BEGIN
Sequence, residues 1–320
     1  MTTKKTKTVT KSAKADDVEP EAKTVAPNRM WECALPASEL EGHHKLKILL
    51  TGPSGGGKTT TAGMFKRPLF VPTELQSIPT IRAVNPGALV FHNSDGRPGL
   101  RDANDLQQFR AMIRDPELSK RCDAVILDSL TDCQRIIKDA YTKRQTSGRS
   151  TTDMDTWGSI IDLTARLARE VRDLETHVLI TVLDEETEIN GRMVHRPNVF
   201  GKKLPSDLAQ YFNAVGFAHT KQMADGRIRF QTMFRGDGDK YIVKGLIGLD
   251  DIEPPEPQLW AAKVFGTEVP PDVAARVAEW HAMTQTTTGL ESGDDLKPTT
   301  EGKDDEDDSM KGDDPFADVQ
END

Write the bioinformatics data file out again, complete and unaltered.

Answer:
Sequence, residues 1–320
     1  MTTKKTKTVT KSAKADDVEP EAKTVAPNRM WECALPASEL EGHHKLKILL
    51  TGPSGGGKTT TAGMFKRPLF VPTELQSIPT IRAVNPGALV FHNSDGRPGL
   101  RDANDLQQFR AMIRDPELSK RCDAVILDSL TDCQRIIKDA YTKRQTSGRS
   151  TTDMDTWGSI IDLTARLARE VRDLETHVLI TVLDEETEIN GRMVHRPNVF
   201  GKKLPSDLAQ YFNAVGFAHT KQMADGRIRF QTMFRGDGDK YIVKGLIGLD
   251  DIEPPEPQLW AAKVFGTEVP PDVAARVAEW HAMTQTTTGL ESGDDLKPTT
   301  EGKDDEDDSM KGDDPFADVQ